Ceiling Height Clearance – Pythagorean Theorem
Article - March 5, 2008
This week’s question comes from Brad. He writes: “I have to build a set of cabinets for an 8ft room. I have to build off site, so how do I determine the proper height of the cabinets so that I can stand them up in the room? Is there a formula or just a guessing game? The depth of the cabinets are 16″ and 24″. Can you help me?”
And here was my reply:
The key is to make sure that the diagonal measurement, from the front of the top, to the back of the bottom, does not exceed 8 feet. This way you can carry the piece into the house on its side, then lay it on its back. Then simply tip it upright. Not sure how much you remember from good old algebra and geometry class, but that stuff actually will come in handy here. Remember the Pythagorean Theorem? A (squared) + B (squared) = C (squared). A and B are the cabinet’s height and depth and C is the diagonal. You already have two pieces of the equation since you know the height and the depth. Just make sure you make the cabinet slightly smaller so that it fits within those numbers. Keep in mind this will get you close to the ceiling, but there will still be a gap. A good place for crown molding. Good luck!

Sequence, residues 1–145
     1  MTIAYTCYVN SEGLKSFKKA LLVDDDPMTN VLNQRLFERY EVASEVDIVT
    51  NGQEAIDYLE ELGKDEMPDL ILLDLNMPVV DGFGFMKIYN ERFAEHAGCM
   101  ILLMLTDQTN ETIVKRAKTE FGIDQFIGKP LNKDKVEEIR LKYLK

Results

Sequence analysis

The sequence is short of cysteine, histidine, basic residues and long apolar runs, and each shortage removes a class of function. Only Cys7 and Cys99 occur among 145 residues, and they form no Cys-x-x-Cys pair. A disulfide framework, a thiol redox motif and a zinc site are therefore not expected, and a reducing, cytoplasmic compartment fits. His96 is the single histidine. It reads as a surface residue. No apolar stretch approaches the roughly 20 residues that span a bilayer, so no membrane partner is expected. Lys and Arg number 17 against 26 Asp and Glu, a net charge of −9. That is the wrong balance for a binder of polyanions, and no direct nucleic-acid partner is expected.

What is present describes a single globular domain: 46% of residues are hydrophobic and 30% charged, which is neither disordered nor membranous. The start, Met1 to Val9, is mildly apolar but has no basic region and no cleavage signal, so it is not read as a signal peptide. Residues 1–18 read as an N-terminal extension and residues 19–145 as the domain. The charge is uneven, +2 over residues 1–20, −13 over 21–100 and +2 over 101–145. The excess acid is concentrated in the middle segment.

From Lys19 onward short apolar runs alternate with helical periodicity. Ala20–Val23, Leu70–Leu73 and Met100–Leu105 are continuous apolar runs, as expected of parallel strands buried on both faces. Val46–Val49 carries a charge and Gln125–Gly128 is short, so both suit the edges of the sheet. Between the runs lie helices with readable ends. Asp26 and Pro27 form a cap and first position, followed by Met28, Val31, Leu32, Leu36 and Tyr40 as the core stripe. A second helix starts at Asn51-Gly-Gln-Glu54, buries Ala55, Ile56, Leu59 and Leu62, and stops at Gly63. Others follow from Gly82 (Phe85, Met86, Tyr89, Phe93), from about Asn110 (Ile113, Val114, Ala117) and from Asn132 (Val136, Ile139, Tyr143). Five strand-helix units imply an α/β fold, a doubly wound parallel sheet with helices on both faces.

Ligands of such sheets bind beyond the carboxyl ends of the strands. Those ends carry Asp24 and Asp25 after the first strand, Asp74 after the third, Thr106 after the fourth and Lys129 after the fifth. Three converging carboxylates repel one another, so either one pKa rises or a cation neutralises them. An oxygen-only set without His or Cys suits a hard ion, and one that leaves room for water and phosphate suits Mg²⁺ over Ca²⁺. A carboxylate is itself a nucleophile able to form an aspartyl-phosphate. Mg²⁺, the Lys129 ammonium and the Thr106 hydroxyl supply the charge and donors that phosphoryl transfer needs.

**** I should mention that I am by no means an expert on built-ins and installation. My experience in this area is limited to about a dozen jobs. So I look forward to hearing other perspectives on this topic.